Share Email Print

Proceedings Paper

Analysis and feasibility of chemical recording using thermosensitive liposomes
Author(s): Maria E. Tanner; Elizabeth A. Vasievich; Jonathan M. Protz
Format Member Price Non-Member Price
PDF $14.40 $18.00
cover GOOD NEWS! Your organization subscribes to the SPIE Digital Library. You may be able to download this paper for free. Check Access

Paper Abstract

A new generation of inertial measurement technology is being developed enabling a 10-micron particle to be "aware" of its geospatial location and respond to this information. The proposed approach combines an inertially-sensitive nanostructure or nano fluid/structure system with a nano-sized chemical reactor that functions as an analog computer. Originally, a cantilever-controlled valve used to control a first order chemical reaction was proposed. The feasibility of this concept was evaluated, resulting in a device with significant size reductions, comparable gain, and lower bandwidth than current accelerometers. New concepts with additional refinements have been investigated. Buoyancy-driven convection coupled with a chemical recording technique is explored as a possible alternative. Using a micro-track containing regions of different temperatures and thermosensitive liposomes (TSL), a range of accelerations can be recorded and the position determined. Through careful design, TSL can be developed that have unique transition temperatures and each class of TSL will contain a unique DNA sequence that serves as an identifier. Acceleration can be detected through buoyancy-driven convection. As the liposomes travel to regions of warmer temperature, they will release their contents at the recording site, thus documenting the acceleration. This paper will outline the concept and present the feasibility.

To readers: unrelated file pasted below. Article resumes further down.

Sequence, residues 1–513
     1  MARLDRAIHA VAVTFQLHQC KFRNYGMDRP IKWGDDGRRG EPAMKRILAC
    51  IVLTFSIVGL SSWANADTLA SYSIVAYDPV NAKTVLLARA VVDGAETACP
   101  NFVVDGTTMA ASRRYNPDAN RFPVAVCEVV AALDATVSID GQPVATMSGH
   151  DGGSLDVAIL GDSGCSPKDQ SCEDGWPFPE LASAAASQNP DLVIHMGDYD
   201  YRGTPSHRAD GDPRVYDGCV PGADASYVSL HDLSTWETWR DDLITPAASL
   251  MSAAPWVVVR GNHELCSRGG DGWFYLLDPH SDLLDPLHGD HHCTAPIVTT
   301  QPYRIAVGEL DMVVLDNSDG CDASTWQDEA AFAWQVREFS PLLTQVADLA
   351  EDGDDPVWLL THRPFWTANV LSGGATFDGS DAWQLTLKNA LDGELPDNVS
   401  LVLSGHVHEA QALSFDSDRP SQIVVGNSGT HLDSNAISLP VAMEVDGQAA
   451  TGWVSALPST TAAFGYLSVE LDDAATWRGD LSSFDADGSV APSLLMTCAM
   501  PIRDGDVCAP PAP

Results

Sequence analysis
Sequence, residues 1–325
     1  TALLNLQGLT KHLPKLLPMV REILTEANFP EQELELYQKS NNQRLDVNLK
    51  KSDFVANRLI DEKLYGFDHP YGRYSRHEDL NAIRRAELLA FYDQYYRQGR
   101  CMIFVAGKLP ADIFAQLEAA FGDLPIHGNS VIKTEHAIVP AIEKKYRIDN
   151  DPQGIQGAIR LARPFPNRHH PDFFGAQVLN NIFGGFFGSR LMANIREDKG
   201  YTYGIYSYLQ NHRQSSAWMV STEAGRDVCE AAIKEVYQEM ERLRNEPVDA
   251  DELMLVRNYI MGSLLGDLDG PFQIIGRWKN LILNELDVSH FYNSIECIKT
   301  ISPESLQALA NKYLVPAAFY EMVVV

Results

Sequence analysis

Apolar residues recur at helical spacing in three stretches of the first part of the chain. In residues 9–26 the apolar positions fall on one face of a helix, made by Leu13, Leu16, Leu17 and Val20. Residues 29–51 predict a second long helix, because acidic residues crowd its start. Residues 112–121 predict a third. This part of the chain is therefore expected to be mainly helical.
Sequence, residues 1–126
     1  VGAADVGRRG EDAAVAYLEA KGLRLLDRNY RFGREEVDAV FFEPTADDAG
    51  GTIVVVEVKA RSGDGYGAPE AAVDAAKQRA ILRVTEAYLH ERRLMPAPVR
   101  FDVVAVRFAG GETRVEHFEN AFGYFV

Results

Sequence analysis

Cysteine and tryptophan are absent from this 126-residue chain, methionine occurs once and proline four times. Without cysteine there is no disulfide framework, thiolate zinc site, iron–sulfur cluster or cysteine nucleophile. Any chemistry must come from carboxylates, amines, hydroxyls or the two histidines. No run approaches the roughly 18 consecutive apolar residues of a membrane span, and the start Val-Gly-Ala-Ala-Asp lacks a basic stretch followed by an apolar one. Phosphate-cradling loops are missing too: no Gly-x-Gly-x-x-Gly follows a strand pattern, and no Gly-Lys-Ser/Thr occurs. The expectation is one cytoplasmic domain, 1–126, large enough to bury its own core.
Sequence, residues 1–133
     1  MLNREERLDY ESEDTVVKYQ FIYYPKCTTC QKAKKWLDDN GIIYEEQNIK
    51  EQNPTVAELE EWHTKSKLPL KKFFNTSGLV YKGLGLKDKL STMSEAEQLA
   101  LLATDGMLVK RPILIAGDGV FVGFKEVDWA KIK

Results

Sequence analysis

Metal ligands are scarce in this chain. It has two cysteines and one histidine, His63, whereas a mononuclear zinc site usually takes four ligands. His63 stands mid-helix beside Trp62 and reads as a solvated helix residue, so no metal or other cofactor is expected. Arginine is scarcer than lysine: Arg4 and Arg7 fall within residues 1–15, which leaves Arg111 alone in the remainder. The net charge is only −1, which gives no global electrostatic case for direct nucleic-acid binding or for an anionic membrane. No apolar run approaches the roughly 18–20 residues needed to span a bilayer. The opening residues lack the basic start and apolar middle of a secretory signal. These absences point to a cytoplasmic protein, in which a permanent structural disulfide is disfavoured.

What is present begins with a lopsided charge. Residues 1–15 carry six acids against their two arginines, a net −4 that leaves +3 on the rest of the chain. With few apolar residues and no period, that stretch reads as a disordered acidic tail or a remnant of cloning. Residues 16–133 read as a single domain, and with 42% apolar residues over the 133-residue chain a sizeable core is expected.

Paper Details

Date Published: 2 January 2008
PDF: 11 pages
Proc. SPIE 6799, BioMEMS and Nanotechnology III, 679905 (2 January 2008); doi: 10.1117/12.755957
Show Author Affiliations
Maria E. Tanner, Duke Univ. (United States)
Elizabeth A. Vasievich, Univ. of North Carolina (United States)
Jonathan M. Protz, Duke Univ. (United States)

Published in SPIE Proceedings Vol. 6799:
BioMEMS and Nanotechnology III
Dan V. Nicolau; Derek Abbott; Kourosh Kalantar-Zadeh; Tiziana Di Matteo; Sergey M. Bezrukov, Editor(s)

© SPIE. Terms of Use
Back to Top